Installing & cloning

Discussion in 'Mac Apps and Mac App Store' started by Blue Velvet, Jul 7, 2004.

  1. Blue Velvet Moderator emeritus

    Jul 4, 2004
    In early Sept. I have to manage the installation of 3 x new G5s and entirely new versions of Adobe CS, Quark 5 & 6, Office 2004, Suitcase X1, plus a few other apps and a local PDF workflow with watched folders using Distiller 6.

    Ideally doing this on one machine and after installing updaters, fonts etc, checking permissions, I would then like to clone the installation to the other G5s using Target Disk Mode so avoiding having to repeat the same process with the other machines.

    Each machine will prob. have at least three accounts on them: Admin, User (name of usual operator) & Temp (for cover staff).
    They then will be networked to an existing 4-machine OS 10.3.4-only group that will have dedicated G4s for RIP, ISDN, etc.

    Could someone please give some helpful and easy-to-understand advice here?
    Maybe some idiot-proof step-by-step instructions or things to bear in mind?

    I'm not really that techy -- just a print designer who needs to keep a close eye on our production schedule.
    Some concerns I have are: what software to use to do this, serials & product activation, admin & users... well, everything really.

    Any words of wisdom much appreciated!
  2. Coolvirus007 macrumors regular

    Apr 27, 2004
    you can clone by using carbon copy cloner and selecting the g5 (connected via firewire target disk mode as the destination). The good thing about carbon disk cloner is that it makes the target disk bootable.
  3. saabmp3 macrumors 6502a

    Jul 22, 2002
    Tacoma, WA
    Don't setup the user accounts until after the clone, unless you want all the users on all the machines.

  4. aptmunich macrumors member

    May 29, 2004
    But if he does that and installs the software first, it's pirating isn't it?

    I mean if you clone office 2004 to 3 machines and then autoupdate won't micro$oft notice and be pissed? (i.e. 3 identical serial numbers?)
  5. Blue Velvet thread starter Moderator emeritus

    Jul 4, 2004
    It's 'she'... BTW :)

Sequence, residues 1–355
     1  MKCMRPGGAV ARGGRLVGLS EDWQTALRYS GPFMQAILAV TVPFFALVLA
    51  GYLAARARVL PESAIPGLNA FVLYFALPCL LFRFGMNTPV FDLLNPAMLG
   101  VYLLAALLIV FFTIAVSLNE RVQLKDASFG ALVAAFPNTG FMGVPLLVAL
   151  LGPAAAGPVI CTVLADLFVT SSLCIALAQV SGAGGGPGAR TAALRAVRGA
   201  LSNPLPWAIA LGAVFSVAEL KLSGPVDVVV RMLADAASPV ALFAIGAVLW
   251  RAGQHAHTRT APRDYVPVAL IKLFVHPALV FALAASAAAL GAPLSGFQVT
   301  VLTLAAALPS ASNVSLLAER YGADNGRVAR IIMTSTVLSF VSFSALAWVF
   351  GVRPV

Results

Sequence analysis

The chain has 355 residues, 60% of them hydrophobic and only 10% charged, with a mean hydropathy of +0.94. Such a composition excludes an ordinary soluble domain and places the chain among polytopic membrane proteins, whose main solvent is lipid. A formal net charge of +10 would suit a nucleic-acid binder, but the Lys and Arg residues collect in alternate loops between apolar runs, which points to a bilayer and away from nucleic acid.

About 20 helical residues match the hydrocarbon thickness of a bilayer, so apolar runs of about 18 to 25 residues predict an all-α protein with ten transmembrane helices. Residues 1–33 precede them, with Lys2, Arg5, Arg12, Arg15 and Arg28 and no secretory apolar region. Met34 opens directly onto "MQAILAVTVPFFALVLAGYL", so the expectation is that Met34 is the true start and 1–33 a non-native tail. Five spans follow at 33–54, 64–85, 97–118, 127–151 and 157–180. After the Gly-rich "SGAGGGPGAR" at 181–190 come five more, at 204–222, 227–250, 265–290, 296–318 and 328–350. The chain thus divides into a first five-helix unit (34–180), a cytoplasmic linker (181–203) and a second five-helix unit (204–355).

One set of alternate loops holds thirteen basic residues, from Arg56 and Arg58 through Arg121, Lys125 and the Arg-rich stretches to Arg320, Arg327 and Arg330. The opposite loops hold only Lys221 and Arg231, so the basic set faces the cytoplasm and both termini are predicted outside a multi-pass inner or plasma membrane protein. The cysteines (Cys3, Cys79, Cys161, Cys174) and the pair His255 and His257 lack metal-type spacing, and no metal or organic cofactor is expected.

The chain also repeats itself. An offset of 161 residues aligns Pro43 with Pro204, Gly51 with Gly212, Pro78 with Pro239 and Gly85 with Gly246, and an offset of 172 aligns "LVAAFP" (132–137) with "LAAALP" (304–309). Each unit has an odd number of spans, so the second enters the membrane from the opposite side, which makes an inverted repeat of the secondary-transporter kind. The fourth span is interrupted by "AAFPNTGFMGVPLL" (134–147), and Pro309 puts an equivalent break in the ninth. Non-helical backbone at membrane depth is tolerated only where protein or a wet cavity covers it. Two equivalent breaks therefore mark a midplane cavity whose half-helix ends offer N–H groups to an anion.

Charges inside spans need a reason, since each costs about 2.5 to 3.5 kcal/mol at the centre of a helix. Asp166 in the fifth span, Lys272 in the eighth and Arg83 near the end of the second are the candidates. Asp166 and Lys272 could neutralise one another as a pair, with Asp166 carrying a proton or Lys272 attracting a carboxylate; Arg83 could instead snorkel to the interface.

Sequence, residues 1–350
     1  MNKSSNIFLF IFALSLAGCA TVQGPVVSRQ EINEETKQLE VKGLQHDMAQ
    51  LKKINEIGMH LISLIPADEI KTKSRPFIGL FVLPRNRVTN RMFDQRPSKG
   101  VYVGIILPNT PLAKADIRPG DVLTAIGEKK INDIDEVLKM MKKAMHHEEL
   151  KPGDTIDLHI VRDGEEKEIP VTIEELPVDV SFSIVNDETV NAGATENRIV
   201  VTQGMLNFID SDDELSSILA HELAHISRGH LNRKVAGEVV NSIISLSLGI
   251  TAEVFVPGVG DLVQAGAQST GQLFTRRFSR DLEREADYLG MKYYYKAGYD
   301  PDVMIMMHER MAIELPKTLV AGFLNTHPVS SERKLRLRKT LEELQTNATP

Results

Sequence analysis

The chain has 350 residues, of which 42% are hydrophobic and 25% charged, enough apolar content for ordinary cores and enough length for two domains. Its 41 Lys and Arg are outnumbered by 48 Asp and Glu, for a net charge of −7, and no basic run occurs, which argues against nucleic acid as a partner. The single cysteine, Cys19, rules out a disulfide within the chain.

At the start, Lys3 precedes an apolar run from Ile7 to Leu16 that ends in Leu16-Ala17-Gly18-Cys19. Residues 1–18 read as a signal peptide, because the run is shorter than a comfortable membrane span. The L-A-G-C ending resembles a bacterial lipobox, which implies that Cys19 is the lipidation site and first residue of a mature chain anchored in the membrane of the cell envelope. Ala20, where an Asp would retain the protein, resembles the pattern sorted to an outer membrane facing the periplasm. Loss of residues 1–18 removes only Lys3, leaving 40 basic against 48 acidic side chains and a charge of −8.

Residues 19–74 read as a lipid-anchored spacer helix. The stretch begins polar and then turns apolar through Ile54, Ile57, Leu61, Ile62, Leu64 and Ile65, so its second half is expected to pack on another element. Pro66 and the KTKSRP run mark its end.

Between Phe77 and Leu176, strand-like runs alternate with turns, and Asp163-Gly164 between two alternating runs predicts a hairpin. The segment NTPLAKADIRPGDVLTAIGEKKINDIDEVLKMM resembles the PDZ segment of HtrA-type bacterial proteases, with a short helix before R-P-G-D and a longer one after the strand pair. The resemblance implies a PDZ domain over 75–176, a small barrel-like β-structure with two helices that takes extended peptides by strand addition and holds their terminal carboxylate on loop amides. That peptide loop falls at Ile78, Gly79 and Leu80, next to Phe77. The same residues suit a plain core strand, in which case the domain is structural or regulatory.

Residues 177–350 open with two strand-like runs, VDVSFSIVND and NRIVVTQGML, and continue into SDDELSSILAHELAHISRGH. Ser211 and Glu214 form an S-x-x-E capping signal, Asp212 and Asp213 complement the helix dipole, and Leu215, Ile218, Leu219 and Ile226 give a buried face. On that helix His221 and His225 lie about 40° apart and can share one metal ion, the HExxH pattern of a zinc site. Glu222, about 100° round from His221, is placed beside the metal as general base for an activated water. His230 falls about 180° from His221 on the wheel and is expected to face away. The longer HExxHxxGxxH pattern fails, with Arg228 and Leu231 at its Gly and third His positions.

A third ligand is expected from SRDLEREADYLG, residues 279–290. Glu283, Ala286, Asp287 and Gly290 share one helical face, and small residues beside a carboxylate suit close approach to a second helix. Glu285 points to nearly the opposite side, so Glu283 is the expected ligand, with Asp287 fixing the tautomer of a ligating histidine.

Good point, this is one of my concerns (particularly with activation & registration)

    ...but anyway, forgot to mention that we will have legit licenses/serials for everything that will go on these machines, incl. fonts.

    My employers are FAST* certified and they've come in and had a snoop round a few times in the last couple of years...

    None of these machines will be hooked up to the web -- so I'm sure activation is just going to be a barrel of laughs!

    *Federation Against Software Theft
    (could be just a UK body -- regardless, my job's on the line if everything isn't found to be ship-shape)

    Thanks for all posts so far.
  6. Horrortaxi macrumors 68020


    Jul 6, 2003
    Los Angeles
    Disk Utility in Panther will do the same thing.
  7. jsw Moderator emeritus


    Mar 16, 2004
    Andover, MA
    It's not really "pirating" if you own the software and don't use it elsewhere, even if you do use the same license numbers. You paid for 'x' copies, you're using 'x' copies, and you don't let anyone else use the serial numbers.

    That said, a lot of software won't work if it detects other installations on the subnet with the same serial number. I would call the various vendors and ask them if there is a clone-worthy solution - something that would let you install all or most of the software, clone the disk, then do the activation. In fact, a lot of software does install everything, then ask for serial numbers, etc., at the end. Often, it'll let you skip this step during the initial install - perfect for setting up a disk for cloning. If you can just install most or all of everything, but not activate it, then you should be in good shape. You could clone it all, then do a final activation and setup of user accounts on each machine at the end (of course, the Admin and Temp accounts could be the same, or, of course, you could set up accounts for all users on the initial device, have them enter their passwords, then clone the disk - then users could use any machine they wanted.